I believe there is a reason why we are drawn to certain things.  If you are a seeker—seek.  It’s in the search for your one thing that you will discover your purpose and craft a life that you love.  

Learning from History
We all know the shape our country and our planet is in, and it didn’t get here by accident.  We are living in the land of should, where subtle and not-so-subtle messages tell us what we should be doing, how we should behave, and what we should believe.  We need to get back to living in the space of possibility and invention.  It’s time for modern-day renaissance men and women to honor their passions and thirst for knowledge, because in doing so, we can transform our world.  

Think of some of the people who contributed great things to humanity back when people were admired for their multi-faceted personalities.  Ben Franklin was a politician, writer, musician, scientist and inventor.  Leonardo DaVinci was an inventor, painter, philosopher, poet, architect, engineer, physician, writer, stage designer, theologist, astronomer, actor, singer, court jester and more. These men were known for being a masters of all the fields they were part of.  
By honoring their thirst for knowledge and passion for life, they were able to see things from different, more holistic perspectives.  By doing everything that interested them, they were able to do all of them well.  They were renaissance men, or Polymaths.

 Some famous modern-day renaissance men and women include:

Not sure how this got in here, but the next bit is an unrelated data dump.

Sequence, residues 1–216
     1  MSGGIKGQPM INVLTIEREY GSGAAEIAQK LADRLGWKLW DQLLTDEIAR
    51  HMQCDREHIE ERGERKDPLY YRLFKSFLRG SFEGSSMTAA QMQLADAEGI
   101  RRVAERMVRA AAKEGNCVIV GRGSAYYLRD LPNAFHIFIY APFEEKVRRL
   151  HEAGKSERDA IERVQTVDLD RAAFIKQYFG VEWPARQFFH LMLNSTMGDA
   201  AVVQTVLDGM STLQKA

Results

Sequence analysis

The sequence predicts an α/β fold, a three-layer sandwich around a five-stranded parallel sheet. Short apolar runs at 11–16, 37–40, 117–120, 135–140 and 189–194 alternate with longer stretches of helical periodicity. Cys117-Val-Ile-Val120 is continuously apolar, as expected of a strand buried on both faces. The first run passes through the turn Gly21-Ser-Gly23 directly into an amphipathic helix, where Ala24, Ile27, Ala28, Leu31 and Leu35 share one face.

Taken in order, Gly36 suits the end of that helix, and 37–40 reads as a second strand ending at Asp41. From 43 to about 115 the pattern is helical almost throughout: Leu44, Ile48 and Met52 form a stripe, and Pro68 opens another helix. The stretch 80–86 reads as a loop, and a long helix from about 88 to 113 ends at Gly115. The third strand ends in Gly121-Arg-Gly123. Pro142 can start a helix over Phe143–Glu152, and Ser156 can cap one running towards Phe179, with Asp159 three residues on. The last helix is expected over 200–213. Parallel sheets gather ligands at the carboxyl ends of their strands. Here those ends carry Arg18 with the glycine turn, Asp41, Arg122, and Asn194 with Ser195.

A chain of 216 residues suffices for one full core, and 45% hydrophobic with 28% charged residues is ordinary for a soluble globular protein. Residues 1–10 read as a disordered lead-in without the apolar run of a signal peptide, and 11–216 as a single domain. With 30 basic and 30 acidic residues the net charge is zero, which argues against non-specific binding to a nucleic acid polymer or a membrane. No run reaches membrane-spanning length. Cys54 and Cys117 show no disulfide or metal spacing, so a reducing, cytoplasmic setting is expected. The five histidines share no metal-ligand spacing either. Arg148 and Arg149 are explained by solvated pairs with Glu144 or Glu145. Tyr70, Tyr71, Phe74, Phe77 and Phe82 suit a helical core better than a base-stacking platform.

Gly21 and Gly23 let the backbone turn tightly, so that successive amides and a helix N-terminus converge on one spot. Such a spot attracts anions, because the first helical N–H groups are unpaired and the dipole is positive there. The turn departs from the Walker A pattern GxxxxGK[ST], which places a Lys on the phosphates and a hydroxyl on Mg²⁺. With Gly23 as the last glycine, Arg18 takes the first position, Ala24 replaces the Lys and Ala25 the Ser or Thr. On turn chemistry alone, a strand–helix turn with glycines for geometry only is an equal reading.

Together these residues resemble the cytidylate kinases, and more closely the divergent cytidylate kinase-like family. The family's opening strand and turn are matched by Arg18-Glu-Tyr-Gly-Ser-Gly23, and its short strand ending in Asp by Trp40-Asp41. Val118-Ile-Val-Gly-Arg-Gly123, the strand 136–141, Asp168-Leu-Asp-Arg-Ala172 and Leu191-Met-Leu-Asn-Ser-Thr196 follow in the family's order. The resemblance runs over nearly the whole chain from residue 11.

•    Oprah Winfrey—Producer, Talk Show Host, Entrepreneur, Actor
•    Jane Fonda –actress, fitness instructor, entrepreneur, philanthropist, and activist
•    Angelina Jolie – actress, director, Goodwill Ambassador, United Nations High Commissioner for Refugees, Mother
•    Robin Williams—comedian, actor, philanthropist
•    Ben Stein—author of several books on life and finance, quiz-show host, White House speechwriter, columnist, trial lawyer, law school professor, scriptwriter, and novelist
•    Ted Turner– environmentalist, entrepreneur, philanthropist, media mogul (received Renaissance Man of the Year award from the Fondazione Palazzo Strozzi and its U.S. chapter)

Does being a modern-day renaissance woman mean you have multiple professions and jobs?  Not necessarily.  The point is, you love variety and thrive on the freedom and diversity of your work.  As a renaissance woman, you love learning.  You’re flexible and tend to adapt to change more easily than others.  Barbara Sher called us scanners.  Scanners may be teachers, freelance writers, news reporters, talk-show hosts, librarians, filmmakers, salespeople, and managers.  All of these roles have something in common:  they are influential.  You may be able to channel all your loves into meaningful work that can be defined in one title, or maybe not.  But by indulging your natural urge to seek, learn, explore, scan, and honor your zest for life, a common theme may emerge.

How about you?  Do you think you may be a modern-day renaissance woman?  You don’t have to earn a living at all of your interests to qualify.  And they don’t have to be glamorous.  It’s whatever makes your heart sing that matters.  If you suspect you are a modern-day renaissance woman, you may be wondering how to squeeze it all in.  Afterall, we only have 24 hours in a day, just like everybody else.  Check out Five P’s to  Crafting an Eclectic Career for some ideas.